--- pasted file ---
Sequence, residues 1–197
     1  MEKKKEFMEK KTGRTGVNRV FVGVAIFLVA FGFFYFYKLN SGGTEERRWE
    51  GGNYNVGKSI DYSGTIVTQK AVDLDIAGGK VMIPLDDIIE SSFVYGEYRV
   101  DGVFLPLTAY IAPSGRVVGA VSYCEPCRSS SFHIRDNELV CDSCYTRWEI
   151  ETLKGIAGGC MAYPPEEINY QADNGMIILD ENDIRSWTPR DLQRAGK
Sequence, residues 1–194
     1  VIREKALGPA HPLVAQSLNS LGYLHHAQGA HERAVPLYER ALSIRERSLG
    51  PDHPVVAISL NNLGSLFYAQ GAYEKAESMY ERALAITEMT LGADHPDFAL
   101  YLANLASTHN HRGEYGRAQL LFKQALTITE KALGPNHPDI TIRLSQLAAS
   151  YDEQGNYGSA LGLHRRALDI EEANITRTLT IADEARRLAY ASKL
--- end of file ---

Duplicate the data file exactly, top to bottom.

Sequence, residues 1–197
     1  MEKKKEFMEK KTGRTGVNRV FVGVAIFLVA FGFFYFYKLN SGGTEERRWE
    51  GGNYNVGKSI DYSGTIVTQK AVDLDIAGGK VMIPLDDIIE SSFVYGEYRV
   101  DGVFLPLTAY IAPSGRVVGA VSYCEPCRSS SFHIRDNELV CDSCYTRWEI
   151  ETLKGIAGGC MAYPPEEINY QADNGMIILD ENDIRSWTPR DLQRAGK
Sequence, residues 1–194
     1  VIREKALGPA HPLVAQSLNS LGYLHHAQGA HERAVPLYER ALSIRERSLG
    51  PDHPVVAISL NNLGSLFYAQ GAYEKAESMY ERALAITEMT LGADHPDFAL
   101  YLANLASTHN HRGEYGRAQL LFKQALTITE KALGPNHPDI TIRLSQLAAS
   151  YDEQGNYGSA LGLHRRALDI EEANITRTLT IADEARRLAY ASKL